A retired police officer has successfully won an appeal for disability pension after years of legal struggle. The Chief reports that last month, a state appeals court ruled in her favor. The offer serviced over 300 hours at Ground Zero and developed fibromyalgia, among other conditions. She is represented by Jeffrey Goldberg, an attorney with the national law firm of Parker Waichman LLP.
The officer was a first responder on September 11th.Court records show that she was assigned to a security post a block away from Ground Zero in October 2001. After developing shortness of breath, dizziness, nausea and severe chest pains, she was diagnosed with fibromyalgia in March 2002. According to court documents, she filed for disability retirement in 2008 but was denied. The medical board of the Police Pension Fund acknowledged that her fibromyalgia and chronic fatigue syndrome left her unable to work, but asserted that these conditions were not caused by 9/11. She was denied again when reapplying several months later. The officer challenged these decisions by filing an Article 78 petition in State Supreme Court, but did not win.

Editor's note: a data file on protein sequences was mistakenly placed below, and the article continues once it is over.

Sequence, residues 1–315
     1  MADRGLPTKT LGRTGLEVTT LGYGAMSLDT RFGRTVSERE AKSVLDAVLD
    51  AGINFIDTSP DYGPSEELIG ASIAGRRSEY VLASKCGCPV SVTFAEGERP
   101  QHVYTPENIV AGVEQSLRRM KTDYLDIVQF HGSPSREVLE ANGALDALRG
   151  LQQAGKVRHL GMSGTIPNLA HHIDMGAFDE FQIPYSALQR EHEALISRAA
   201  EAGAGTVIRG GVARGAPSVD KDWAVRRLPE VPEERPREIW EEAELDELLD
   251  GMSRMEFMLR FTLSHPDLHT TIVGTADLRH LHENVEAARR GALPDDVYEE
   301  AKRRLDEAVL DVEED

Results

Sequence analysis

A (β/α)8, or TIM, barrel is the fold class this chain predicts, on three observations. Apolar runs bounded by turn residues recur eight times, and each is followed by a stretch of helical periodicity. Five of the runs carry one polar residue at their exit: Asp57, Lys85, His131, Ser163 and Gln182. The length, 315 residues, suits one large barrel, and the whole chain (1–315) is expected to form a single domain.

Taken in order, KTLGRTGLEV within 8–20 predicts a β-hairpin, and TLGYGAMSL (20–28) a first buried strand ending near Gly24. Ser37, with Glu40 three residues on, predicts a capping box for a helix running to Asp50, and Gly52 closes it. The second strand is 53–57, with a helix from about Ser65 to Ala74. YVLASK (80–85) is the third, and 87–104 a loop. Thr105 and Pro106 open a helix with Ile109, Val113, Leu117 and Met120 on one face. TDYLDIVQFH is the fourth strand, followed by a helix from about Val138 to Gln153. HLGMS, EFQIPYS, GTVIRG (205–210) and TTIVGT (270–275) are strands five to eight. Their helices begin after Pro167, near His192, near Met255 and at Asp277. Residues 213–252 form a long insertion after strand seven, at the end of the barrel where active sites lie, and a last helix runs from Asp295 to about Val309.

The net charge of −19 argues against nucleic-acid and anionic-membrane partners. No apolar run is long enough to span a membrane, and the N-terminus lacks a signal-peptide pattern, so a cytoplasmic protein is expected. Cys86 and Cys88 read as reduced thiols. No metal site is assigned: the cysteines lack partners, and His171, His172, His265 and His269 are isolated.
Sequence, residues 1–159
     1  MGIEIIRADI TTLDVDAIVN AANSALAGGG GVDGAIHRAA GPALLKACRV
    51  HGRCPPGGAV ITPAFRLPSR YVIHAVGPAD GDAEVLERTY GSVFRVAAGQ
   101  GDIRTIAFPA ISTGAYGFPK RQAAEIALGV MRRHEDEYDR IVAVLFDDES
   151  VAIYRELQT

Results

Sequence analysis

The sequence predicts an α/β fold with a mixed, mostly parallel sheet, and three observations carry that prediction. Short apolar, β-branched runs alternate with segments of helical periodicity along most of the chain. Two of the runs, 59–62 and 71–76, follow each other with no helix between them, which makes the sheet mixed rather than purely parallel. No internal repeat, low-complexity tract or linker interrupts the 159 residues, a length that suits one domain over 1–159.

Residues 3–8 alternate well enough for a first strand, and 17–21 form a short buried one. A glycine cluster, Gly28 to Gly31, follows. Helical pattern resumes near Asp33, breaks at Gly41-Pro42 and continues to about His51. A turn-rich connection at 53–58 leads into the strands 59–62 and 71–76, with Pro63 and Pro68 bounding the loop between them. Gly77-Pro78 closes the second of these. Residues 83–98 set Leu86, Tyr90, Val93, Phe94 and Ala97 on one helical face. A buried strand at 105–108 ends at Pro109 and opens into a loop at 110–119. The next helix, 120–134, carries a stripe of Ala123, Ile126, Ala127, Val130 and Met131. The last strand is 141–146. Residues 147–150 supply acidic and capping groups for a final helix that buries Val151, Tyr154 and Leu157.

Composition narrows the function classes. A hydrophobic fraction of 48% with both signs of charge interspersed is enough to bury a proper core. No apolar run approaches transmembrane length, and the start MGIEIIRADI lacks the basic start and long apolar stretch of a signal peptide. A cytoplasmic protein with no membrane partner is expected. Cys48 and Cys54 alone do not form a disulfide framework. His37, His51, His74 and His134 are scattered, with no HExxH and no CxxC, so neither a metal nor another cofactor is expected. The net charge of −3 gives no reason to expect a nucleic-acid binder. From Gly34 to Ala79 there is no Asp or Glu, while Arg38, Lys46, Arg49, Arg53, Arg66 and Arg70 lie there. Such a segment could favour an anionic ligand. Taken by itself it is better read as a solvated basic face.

According to Mr. Goldberg, the retired officer was able to finally win her bid for disability based on the World Trade Center amendment to city pension law. This amendment gives first responders the benefit of the doubt, and says that illnesses developed after 9/11 should be presumed related to the attacks. Furthermore, if pension boards argue that an applicant’s illness is not related to the attacks, they need to show valid medical evidence if they assert that an applicant’s condition is not related to the attacks. If this is not done, then the applicant must receive disability pension equal to three-quarters of his or her final salary, tax-free. The appellate judges found that fibromyalgia was a “new onset disease” and that the board failed provide credible evidence as required by the amendment.